The Sea Came in at Midnight (Revised)
The Sea Came in at Midnight (Revised)

The Sea Came in at Midnight (Revised)

by Steve Erickson

Paperback(Revised ed.)

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Product Details

ISBN-13: 9780704381438
Publisher: Quartet Books (UK)
Publication date: 06/01/2000
Edition description: Revised ed.
Pages: 248
Product dimensions: 6.01(w) x 9.00(h) x 0.71(d)

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Sea Came in at Midnight 3.7 out of 5 based on 0 ratings. 3 reviews.
bcquinnsmom on LibraryThing 8 months ago
It is a good thing I like fiction that's off the beaten path because this book is definitely out there. Very dark, very deep and I'm sure I'm going to read it again in the near future because I'm sure many of the nuances in the book have escaped me. It is totally a novel about coincidence on a majorly cosmic scale; full of symbolism that I can't even begin to explain (but there are several scholarly treatises on this novel that do so that I plan to peruse over the next few days).In the year 999 a group of 999 Celtic villagers take to the sea in boats to escape the tidal wave that will usher in the new millenium. There were supposed to be 1000; one of them, a 17-year old girl, is left in a tower overlooking the sea. In the year 1999, 2000 women & children are ushered off the cliff into the sea by a group of white-robed cultists. Actually, there were only 1,999; again, history repeats itself as one of its numbers realizes the significance of events and flees her fate. This is Kristin; from there her life takes her to LA, where, at the end of her rope, answers a bizarre personal ad from someone looking for someone in the depths of despair. Eventually the man who placed the ad finds her and takes her to his house in the Hills. The man has no name; he is known only as The Occupant, and he is an apocalypser -- but not in terms of the apocalypse of millenial time, but in terms of chaos & the horror of a world run amok. He starts the millenium clock ticking at a time of his boyhood, when he wakes up one night to the noise of a gunshot,goes down the hall to have his mother usher him away from the scene of the killing of a young girl in her & his father's bedroom; then he is thrust out into the chaos of anarchy in the Paris streets, never to see his mother again. He notes that Kristin is the center of chaos, and labels in indelible ink a date which at first is insignificant but later the reader understands the meaning of this date as only part of a chain of surreal links in the cosmic chain.I don't think once through the novel can give anyone a handle on the story; my take on it is that the characters themselves don't really matter in the long run but it is human history of chaos and entropy that counts here, along with the notion that things have a habit of replaying themselves, and that all of history is a long chain into which humans time and again form their connections, regardless of space, place or time.If you like postmodern literature, you're going to love this one. Definitely NOT recommended for readers who want the book to do their work for them...this one demands full participation.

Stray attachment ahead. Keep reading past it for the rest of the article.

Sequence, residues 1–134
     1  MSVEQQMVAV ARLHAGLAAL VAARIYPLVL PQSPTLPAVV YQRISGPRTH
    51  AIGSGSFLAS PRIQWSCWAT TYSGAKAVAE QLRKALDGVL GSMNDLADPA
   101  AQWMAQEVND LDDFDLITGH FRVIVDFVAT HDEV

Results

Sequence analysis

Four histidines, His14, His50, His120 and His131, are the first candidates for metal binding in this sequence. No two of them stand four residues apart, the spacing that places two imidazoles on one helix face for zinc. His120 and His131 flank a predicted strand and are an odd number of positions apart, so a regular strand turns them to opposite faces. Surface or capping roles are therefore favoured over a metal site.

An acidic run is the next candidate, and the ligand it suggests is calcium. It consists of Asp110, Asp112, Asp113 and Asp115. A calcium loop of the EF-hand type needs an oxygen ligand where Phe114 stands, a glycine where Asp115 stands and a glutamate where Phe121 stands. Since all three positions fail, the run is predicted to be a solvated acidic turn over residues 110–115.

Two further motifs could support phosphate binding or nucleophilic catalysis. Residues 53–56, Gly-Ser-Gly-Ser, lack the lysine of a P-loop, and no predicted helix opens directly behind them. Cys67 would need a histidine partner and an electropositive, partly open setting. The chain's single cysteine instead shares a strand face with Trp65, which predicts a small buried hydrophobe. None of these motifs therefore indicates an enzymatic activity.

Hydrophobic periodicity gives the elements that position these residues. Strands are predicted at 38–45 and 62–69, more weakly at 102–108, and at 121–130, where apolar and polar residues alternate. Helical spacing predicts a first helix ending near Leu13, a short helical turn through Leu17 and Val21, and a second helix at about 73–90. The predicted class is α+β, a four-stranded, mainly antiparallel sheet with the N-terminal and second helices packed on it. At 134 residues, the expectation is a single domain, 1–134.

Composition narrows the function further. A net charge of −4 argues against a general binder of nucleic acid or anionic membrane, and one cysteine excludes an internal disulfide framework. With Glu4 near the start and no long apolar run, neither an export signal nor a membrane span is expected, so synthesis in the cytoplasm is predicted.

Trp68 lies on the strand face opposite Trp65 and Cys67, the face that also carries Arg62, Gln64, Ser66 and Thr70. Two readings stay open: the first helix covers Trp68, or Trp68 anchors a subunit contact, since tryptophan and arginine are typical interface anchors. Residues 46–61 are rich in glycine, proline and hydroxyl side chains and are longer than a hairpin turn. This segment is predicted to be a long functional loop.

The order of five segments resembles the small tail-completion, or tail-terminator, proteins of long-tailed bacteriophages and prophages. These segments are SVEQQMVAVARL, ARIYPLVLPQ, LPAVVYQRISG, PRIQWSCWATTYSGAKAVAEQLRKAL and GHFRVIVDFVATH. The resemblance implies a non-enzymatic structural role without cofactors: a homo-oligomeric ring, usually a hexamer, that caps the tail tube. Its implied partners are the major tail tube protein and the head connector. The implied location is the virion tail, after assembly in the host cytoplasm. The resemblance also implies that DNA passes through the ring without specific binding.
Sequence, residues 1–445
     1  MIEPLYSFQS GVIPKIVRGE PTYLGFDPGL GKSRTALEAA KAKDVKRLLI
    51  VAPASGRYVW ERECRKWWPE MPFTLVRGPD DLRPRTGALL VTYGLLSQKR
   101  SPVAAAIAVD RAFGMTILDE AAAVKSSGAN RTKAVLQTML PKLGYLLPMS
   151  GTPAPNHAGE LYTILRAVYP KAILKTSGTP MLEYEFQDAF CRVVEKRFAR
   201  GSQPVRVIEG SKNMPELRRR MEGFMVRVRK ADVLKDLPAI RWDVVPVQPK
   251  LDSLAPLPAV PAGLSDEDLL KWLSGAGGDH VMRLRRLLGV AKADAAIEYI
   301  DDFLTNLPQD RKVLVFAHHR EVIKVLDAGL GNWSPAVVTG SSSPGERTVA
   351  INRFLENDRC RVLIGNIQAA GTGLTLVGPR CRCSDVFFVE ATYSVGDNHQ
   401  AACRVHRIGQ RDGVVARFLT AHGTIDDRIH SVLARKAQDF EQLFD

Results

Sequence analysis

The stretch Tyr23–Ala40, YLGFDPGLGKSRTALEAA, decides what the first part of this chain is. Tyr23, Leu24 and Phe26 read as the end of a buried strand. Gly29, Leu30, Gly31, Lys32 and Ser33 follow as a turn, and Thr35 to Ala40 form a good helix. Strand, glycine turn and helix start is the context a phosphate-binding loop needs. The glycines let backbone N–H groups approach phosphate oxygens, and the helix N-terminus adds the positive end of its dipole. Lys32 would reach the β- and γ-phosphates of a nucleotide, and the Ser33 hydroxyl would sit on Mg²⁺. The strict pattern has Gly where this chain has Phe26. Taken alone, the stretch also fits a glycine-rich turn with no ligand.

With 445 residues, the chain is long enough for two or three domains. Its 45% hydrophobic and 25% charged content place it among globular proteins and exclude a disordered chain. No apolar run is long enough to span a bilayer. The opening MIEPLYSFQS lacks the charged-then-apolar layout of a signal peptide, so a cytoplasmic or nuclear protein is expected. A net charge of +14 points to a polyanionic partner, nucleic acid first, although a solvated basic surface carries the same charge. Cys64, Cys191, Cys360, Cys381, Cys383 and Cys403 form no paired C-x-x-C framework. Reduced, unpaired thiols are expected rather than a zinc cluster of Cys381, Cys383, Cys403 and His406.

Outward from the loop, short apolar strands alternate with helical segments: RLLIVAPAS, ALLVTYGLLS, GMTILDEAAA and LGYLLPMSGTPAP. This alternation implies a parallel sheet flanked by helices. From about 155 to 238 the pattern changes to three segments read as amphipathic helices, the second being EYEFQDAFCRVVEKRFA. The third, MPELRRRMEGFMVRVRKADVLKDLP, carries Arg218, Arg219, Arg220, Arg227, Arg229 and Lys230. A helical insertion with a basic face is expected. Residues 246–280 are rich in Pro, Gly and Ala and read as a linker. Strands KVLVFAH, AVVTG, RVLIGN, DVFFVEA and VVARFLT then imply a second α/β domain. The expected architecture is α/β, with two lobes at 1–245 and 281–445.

irisiris on LibraryThing 8 months ago
So fine, and a rarity: this puts wild "science" into science fiction. Stunningly vivid characters speed through this novel like frames in a zoetrope, united by an unfamiliar way of interpreting life. To get to know Louise Blumenthal (snuff film screenwriter, grieving mother), or Kristen, or Angie is to get to know a new way of thinking of time, of memory and life story.
thebadpandey on LibraryThing 8 months ago
I had high hopes for this one. It was still OK.